Ectromelia virus (ECTV), the causative agent of mousepox (the smallpox of the mouse), is one of the few models available of a natural mouse pathogen that infects through the periphery and spreads through the lymphatic system to become systemic and cause disease. Experimental systems that lack this natural pairing will miss much of the complex interplay that has developed over a long period of co-evolution. The goal of the three programs in this project are to dissect the mechanisms that control a natural ECTV infection. The three projects in the Program will require genetically manipulated ECTV. In addition, the Core's pilot research project will require the deletion of two ECTV genes. The genomes of poxviruses can be manipulated by homologous recombination to either eliminate genes or to add foreign sequences and the procedures involved are relatively simple for experienced hands. While most of the techniques for the genetic manipulation of poxviruses were developed for vaccinia virus (VACV), we have successfully used homologous recombination to manipulate the ectromelia virus (ECTV) genome. In addition, Project 2 will need to create transgenic mice via genetic recombineering and to create BAG reporters. Members of the core have ample experience with both procedures. The Core's pilot project will be to study whether the ECTV immune response modifiers (IRMs) EVM043 and EVM145 play a role in virulence. These genes are known to interfere with the host Type 1 interferon response. Therefore, the research will complement experiments in Project 2 and is fully consistent with the overall goals of the Program.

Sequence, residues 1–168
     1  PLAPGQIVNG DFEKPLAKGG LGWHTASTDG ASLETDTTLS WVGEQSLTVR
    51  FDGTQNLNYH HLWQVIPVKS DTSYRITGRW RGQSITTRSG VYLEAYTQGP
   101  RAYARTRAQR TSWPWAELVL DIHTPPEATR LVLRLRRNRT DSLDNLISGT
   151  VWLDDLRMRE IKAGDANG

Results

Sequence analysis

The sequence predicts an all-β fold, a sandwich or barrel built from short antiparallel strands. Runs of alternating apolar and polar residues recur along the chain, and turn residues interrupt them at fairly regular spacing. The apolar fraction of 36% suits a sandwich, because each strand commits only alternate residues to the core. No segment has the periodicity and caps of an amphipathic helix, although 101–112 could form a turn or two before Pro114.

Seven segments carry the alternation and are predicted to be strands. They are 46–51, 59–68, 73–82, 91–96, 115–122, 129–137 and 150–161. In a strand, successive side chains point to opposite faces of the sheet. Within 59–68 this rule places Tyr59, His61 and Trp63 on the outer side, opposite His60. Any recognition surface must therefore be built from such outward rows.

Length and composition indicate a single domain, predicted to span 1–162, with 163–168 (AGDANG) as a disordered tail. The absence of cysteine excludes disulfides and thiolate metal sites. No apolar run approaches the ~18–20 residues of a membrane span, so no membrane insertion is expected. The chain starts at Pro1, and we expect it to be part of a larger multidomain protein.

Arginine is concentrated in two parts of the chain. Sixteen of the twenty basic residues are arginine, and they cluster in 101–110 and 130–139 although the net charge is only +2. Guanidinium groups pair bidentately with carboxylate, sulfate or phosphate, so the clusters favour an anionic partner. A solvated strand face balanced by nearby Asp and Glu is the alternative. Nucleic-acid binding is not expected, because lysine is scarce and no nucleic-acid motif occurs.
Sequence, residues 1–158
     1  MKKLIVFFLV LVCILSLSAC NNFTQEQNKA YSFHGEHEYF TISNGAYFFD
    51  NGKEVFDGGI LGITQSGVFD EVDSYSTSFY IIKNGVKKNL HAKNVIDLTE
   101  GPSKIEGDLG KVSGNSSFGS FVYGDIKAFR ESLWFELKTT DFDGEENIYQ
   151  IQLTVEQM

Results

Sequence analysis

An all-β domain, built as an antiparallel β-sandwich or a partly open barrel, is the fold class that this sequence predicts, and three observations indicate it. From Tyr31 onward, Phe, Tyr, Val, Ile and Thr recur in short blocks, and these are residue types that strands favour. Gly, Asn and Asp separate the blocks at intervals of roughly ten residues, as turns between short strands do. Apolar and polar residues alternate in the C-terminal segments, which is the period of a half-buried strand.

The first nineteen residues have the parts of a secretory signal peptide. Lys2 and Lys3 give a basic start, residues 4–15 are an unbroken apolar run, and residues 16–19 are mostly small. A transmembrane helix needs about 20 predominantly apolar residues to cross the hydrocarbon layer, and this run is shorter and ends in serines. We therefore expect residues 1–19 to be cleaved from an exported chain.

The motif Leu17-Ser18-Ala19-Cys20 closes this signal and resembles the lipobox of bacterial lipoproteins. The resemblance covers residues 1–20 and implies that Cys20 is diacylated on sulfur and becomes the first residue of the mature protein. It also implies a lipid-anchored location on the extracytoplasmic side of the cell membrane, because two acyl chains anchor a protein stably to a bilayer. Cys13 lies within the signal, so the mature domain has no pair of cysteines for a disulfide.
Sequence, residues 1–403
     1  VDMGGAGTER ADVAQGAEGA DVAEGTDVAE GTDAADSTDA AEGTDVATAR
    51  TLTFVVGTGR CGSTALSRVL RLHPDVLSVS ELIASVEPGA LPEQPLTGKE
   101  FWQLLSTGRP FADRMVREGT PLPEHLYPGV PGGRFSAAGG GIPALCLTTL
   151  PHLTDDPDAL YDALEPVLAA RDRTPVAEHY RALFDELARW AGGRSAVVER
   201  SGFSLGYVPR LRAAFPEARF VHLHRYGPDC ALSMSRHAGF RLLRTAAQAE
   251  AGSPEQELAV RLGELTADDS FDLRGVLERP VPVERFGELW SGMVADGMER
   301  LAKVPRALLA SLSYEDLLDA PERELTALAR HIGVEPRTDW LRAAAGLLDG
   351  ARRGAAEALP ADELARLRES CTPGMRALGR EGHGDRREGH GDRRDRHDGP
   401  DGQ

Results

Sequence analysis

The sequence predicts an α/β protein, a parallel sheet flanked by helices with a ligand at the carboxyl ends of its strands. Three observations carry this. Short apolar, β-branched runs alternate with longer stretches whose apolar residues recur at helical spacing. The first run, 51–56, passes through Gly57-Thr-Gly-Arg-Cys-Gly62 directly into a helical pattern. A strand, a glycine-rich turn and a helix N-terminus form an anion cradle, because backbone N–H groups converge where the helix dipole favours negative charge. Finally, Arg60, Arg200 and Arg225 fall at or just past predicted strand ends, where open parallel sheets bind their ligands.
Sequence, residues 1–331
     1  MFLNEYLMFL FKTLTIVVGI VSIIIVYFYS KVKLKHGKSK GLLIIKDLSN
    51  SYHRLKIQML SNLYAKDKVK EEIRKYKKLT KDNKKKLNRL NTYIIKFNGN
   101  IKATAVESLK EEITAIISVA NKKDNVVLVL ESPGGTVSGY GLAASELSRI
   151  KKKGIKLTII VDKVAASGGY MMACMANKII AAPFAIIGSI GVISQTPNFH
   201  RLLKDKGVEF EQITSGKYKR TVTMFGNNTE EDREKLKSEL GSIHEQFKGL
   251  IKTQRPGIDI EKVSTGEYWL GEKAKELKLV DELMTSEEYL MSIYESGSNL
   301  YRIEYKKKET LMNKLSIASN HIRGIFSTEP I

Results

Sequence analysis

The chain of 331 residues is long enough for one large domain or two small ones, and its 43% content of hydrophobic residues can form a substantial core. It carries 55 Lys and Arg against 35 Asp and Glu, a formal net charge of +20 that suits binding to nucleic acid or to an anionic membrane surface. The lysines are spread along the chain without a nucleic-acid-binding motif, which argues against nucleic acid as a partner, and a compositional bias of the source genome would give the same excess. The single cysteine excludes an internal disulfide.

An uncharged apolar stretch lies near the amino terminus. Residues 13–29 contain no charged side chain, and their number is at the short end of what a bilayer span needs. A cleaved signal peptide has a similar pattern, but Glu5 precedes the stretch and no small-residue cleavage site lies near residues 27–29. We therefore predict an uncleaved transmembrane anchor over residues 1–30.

Overall, this U19 should substantially contribute to understanding the immune mechanisms that control viral infections in natural hosts including those of humans with their natural pathogens such as, but not limited to, smallpox. We expect major insights about the control of periphery-to-systemic viral infections. This mechanism is used by many viruses important to human health.
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